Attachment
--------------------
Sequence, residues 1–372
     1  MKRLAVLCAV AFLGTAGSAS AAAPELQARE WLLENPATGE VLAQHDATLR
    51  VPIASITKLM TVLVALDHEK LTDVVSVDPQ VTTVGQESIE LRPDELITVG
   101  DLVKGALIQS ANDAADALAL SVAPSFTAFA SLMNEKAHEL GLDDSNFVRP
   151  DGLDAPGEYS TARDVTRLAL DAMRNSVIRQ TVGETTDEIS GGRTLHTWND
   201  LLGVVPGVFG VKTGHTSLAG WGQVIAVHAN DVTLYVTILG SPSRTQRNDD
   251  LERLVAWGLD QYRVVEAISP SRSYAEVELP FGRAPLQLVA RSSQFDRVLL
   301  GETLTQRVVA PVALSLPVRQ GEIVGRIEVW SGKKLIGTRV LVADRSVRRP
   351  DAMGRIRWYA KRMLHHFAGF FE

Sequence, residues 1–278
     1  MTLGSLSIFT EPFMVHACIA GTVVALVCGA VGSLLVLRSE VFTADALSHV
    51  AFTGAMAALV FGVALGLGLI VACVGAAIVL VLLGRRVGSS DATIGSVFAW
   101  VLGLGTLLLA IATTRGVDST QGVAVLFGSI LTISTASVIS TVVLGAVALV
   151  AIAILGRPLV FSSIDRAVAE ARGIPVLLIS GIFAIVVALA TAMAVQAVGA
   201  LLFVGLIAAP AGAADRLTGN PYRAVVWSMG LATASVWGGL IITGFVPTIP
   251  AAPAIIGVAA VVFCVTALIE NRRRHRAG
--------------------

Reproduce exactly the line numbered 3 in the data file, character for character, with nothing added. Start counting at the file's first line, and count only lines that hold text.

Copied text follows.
    51  VPIASITKLM TVLVALDHEK LTDVVSVDPQ VTTVGQESIE LRPDELITVG